ACA Enrollment On Pace For Record Year With 5.5 Million Sign-Ups So Far
CMS says that enrollments for 2023 plans through healthcare.gov are up 18% over this time last year. Of those who have so far registered, 1.2 million are new consumers to the marketplace.
Sign-Ups On ACA Exchanges Up 18% Year Over Year To 5.5M So Far
Sign-ups for plans on the Affordable Care Act's exchanges reached 5.5 million during the first five weeks of open enrollment, according to the latest figures from the Centers for Medicare & Medicaid Services (CMS). The CMS said Wednesday that figure includes 1.2 million people who have newly signed up for coverage through the exchanges as well as 4.3 million people who have returned to the exchanges to renew or select a new plan for 2023. That represents an 18% increase year over year; in 2021, 4.6 million people had signed up for plans through the first five weeks of the enrollment period. (Minemyer, 12/7)
Around 5.5 Mln People Have Signed Up For 2023 Obamacare Plans
Nearly 5.5 million Americans so far have signed up for health insurance for next year through the Affordable Care Act's marketplace, an 18% increase over the same period last year, according to data released by the U.S. Department of Health and Human Services on Wednesday. People who want to choose a healthcare plan for 2023 under the Affordable Care Act, also known as Obamacare, can enroll between Nov. 1 and Jan. 15. However, if they want to be covered as of Jan. 1 they generally need to choose a plan by Dec. 15. (12/7)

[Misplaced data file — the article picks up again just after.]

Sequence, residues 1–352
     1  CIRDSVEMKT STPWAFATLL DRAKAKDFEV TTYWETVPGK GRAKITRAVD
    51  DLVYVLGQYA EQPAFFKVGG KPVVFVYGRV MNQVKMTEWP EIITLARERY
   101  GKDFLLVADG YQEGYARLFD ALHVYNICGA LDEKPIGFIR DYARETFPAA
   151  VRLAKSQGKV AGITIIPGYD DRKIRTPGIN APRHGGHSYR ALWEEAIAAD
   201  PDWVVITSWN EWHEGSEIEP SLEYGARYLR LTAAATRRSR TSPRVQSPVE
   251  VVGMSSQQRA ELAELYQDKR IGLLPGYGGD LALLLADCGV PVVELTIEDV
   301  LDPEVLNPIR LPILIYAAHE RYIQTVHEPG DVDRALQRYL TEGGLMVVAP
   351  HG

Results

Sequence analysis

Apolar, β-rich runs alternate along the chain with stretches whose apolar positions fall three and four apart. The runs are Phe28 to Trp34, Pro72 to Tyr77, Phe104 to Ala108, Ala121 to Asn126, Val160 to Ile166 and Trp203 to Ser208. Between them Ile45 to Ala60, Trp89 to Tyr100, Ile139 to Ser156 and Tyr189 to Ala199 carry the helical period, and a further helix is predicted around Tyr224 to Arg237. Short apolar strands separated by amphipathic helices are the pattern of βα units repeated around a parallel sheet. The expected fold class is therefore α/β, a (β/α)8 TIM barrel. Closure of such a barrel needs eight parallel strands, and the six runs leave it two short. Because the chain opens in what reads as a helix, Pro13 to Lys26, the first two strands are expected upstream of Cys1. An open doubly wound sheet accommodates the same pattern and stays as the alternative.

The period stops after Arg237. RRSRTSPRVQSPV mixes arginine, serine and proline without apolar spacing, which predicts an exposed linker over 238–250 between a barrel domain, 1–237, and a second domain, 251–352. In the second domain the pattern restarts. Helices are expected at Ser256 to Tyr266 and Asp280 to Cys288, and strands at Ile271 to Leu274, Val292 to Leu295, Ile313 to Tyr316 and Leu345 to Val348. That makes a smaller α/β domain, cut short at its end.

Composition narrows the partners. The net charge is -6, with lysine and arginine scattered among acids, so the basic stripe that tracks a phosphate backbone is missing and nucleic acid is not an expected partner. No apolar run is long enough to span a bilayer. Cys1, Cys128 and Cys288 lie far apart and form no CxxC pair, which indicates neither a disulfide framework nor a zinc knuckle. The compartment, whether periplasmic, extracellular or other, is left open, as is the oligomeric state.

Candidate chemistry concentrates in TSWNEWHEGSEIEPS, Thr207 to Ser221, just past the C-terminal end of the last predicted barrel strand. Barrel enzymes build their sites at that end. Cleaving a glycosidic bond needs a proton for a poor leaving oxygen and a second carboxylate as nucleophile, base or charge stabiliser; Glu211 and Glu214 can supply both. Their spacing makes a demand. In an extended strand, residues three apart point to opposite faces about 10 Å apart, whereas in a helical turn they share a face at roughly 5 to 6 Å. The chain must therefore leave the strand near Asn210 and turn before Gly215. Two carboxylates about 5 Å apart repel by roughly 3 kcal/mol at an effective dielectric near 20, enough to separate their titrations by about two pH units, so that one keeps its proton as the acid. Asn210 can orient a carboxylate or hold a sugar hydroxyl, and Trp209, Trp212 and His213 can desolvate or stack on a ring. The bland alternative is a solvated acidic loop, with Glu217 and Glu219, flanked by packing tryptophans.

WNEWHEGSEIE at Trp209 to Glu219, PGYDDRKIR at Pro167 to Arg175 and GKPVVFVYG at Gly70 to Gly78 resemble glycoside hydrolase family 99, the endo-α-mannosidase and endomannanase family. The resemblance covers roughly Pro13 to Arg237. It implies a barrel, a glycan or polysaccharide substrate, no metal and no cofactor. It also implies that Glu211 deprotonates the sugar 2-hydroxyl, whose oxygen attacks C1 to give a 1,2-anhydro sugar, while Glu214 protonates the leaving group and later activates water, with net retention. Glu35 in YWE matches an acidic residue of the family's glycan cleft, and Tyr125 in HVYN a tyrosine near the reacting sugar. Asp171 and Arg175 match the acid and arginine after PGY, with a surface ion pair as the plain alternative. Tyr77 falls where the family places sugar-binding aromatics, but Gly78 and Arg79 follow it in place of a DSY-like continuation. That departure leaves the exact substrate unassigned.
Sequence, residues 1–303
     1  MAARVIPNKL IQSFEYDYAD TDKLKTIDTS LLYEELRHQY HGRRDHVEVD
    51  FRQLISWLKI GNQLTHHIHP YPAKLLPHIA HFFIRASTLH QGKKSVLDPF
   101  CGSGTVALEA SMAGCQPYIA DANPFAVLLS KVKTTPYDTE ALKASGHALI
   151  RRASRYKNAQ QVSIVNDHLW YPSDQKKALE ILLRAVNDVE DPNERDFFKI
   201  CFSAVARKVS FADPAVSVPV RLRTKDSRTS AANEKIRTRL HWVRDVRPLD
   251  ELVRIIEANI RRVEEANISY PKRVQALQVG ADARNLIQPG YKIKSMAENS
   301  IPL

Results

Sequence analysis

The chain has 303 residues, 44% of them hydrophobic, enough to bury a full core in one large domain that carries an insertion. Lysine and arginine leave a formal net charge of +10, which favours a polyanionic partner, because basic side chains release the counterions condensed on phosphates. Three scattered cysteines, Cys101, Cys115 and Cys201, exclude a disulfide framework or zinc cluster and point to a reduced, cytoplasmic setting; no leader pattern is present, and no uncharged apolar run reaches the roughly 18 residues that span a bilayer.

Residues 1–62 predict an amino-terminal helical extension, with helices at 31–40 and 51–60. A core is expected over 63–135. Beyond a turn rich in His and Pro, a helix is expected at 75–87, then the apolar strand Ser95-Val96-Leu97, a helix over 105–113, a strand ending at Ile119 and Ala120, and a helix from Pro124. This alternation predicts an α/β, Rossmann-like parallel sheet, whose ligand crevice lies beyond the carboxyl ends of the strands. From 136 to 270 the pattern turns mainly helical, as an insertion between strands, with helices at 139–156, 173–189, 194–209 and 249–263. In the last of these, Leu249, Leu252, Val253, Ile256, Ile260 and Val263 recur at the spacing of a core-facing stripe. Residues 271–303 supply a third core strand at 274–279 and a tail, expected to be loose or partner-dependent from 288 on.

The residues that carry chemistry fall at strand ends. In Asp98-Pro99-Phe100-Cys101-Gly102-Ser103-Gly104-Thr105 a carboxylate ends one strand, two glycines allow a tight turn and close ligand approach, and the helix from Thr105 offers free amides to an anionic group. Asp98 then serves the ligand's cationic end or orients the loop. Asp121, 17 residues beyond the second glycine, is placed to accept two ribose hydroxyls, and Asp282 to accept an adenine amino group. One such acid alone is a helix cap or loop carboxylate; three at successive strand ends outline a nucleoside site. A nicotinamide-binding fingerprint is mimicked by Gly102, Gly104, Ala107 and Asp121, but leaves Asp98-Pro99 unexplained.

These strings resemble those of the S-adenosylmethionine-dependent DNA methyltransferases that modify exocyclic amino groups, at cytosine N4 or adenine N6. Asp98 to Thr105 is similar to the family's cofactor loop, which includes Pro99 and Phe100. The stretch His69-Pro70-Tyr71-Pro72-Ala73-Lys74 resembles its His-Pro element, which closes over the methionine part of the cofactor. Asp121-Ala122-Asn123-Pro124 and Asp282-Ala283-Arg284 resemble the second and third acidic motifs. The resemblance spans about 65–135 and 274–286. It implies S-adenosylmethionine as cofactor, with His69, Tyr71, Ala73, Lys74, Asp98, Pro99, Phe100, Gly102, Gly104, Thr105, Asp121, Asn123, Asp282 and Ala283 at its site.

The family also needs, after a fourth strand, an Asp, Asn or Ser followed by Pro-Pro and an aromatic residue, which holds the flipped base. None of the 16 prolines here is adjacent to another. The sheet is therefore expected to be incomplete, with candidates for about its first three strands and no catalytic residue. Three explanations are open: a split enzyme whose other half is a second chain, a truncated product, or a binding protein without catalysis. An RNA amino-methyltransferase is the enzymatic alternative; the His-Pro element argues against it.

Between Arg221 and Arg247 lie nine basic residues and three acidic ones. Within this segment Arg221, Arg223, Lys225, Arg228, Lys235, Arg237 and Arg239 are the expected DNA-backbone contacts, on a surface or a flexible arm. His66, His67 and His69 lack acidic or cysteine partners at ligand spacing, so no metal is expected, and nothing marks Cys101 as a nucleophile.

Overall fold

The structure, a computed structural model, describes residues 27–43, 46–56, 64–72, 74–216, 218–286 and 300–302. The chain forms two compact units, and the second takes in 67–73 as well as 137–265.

In related news about the ACA —
Paying For ACA Cost-Sharing Reductions: Are Premiums Too Low Or Too High?
Access to health insurance with affordable premiums is only one aspect of access to health care. Consumers may face barriers to care if a plan’s cost-sharing requirements (e.g., deductibles and coinsurance) are unaffordable. (Bohl, Karcher, Novak and Uccello, 12/6)
From Oklahoma and Colorado —
Oklahoma’s Child Health Insurance Rate Saw The Biggest Improvement
Oklahoma’s child health insurance rate saw the biggest improvement in the country, a new report found. Experts say Medicaid expansion and continuous Medicaid coverage during the pandemic helped drive the gains in children’s health care coverage, but the state has work to do to retain that progress. (Branham, 12/7)
The Colorado Sun:
The Number Of Uninsured Colorado Kids Has Been On The Decline During The Pandemic. That Could Change
Colorado is among the states that made the most progress in a nationwide effort to connect kids with health insurance coverage during the pandemic, according to a report published Wednesday by the Georgetown University Health Policy Institute’s Center for Children and Families. (Breunlin, 12/8)